“The 60 Minutes broadcast, in which Jones [Davies] also recounted his clandestine visit that night to a Benghazi hospital to view the body of slain U.S. Ambassador J. Christopher Stevens, helped propel a new round of partisan conflict … over the attack.

“Sen. Lindsey O. Graham, S.C., and other Republican lawmakers referred to it repeatedly during a … news conference. Graham said he would block confirmation of all of President Obama’s nominees, including Jeh Johnson as homeland security secretary and Janet L. Yellen as head of the Federal Reserve, until the administration allowed government witnesses to the attack to appear before Congress.”

CBS appears to have removed the 60 Minutes report from its website. We found at least one copy on YouTube. We suspect it may soon disappear as well.

NPR’s David Folkenflik is planning to have more on the 60 Minutes report and apology on All Things Considered later today. Click here to find an NPR station that broadcasts or streams the show.

Copyright 2013 NPR. To see more, visit http://www.npr.org/.

This entry was posted in News from NPR. Bookmark the permalink.

Comments are closed.

 

More Stories in News from NPR

NATO Secretary General Anders Fogh Rasmussen on Monday.

NATO To Create New ‘Spearhead’ Force For Eastern Europe

NATO leaders are expected this week to set up a rapid-response force to defend against potential Russian aggression.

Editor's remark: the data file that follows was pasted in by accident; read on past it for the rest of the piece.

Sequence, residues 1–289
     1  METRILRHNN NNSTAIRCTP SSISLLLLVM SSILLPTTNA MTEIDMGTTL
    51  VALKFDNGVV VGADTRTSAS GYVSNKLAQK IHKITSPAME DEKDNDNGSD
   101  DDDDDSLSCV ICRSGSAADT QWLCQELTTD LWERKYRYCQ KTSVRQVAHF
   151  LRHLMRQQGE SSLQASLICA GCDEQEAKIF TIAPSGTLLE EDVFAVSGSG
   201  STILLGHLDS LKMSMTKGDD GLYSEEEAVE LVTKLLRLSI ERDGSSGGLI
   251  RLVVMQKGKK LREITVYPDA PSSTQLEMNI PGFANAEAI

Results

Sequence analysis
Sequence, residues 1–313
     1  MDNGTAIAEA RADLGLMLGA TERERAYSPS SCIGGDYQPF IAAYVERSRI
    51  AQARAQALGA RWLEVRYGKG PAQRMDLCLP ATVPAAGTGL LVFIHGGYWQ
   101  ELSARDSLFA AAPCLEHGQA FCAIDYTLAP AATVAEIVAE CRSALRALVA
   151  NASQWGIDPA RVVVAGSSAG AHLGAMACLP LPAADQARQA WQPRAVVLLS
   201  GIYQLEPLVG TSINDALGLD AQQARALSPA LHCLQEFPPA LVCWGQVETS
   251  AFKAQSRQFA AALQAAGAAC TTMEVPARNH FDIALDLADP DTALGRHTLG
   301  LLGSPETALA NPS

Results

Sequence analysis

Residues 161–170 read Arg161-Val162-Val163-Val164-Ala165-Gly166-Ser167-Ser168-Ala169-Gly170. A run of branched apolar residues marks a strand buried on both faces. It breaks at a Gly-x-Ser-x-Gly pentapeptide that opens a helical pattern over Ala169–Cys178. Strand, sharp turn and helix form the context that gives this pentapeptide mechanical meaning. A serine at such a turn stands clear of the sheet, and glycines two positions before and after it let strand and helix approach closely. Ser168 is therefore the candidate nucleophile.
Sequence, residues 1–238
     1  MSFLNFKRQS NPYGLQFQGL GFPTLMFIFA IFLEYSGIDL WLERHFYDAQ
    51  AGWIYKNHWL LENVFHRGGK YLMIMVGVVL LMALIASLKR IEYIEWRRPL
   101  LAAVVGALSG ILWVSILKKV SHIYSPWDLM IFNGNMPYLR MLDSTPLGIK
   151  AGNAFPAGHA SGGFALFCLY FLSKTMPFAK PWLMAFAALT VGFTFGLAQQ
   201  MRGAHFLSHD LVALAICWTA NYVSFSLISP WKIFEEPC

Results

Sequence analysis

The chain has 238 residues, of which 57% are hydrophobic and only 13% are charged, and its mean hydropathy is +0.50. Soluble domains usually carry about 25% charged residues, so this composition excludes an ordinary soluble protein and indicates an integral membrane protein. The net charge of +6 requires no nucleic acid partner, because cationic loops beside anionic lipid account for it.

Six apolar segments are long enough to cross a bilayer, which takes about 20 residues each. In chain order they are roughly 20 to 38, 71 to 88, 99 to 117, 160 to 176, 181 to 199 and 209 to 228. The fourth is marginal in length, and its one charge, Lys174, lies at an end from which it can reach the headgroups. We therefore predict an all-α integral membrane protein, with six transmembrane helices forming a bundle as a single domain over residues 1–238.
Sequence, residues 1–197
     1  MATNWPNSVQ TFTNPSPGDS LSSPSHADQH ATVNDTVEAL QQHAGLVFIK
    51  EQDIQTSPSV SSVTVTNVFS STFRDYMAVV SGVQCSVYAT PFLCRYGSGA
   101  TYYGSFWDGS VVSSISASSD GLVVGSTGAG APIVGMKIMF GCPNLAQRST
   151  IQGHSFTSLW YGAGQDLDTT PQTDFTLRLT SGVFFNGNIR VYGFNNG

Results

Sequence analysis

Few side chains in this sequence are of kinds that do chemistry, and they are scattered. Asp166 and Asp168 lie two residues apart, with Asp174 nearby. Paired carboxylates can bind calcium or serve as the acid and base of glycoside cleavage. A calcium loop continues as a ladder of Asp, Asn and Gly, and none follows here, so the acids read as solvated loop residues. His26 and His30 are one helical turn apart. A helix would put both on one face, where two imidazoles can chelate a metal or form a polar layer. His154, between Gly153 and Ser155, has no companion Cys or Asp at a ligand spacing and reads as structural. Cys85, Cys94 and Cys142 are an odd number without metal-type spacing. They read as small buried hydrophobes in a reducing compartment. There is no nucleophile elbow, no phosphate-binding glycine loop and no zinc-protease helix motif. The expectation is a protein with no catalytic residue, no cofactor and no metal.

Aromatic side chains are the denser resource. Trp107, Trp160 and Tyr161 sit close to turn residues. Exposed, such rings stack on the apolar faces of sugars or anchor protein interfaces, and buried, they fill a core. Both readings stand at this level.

Kenneth Bae, an American tour guide and missionary serving a 15-year sentence in North Korea, speaks to The Associated Press on Monday. Bae and two other detained Americans urged the U.S. to send a high-level emissary to secure their release.

3 Americans Detained In North Korea Urge U.S. To Secure Their Release

The State Department said the men should be released out of humanitarian concern and asked that Kenneth Bae, who has been held for two years, be granted amnesty.


The Flight Of The Passenger Pigeon, Now 100 Years Extinct

Passenger pigeons were once the world’s most abundant bird, but they were also the cheapest protein available. The last passenger pigeon, Martha, died exactly a century ago at the Cincinnati Zoo.


British Prime Minister David Cameron told the House of Commons on Monday that he wants to give police the power to seize the passports of Islamist fighters bound for Iraq and Syria.

U.K. Seeks To Expand Terrorism Laws To Target British Fighters

Prime Minister David Cameron wants to give police the power to seize passports of Islamist fighters bound for Iraq and Syria. On Friday, Britain raised its threat level to “severe” from “substantial.”


The first edition of Charlie and the Chocolate Factory and the original hero Golden Egg from the film Willy Wonka and the Chocolate Factory on display at Profiles In History in Calabasas, northwest of downtown Los Angeles, on July 19, 2012.

For Anniversary, A New Chapter Of ‘Charlie And The Chocolate Factory’

The chapter describes the Vanilla Fudge Room, an extra room in the chocolate factory. In it, Charlie Bucket goes to the factory with his mother – not his grandfather. The book turns 50 this month.


Thank you for your support

WUFT depends on the support of our community — people like you — to help us continue to provide quality programming to North Central Florida.
Become a Sustainer
I want to support FM 89.1/NPR
I want to support Florida's 5/PBS
Donate a Vehicle
Day Sponsorship Payments
Underwriting Payments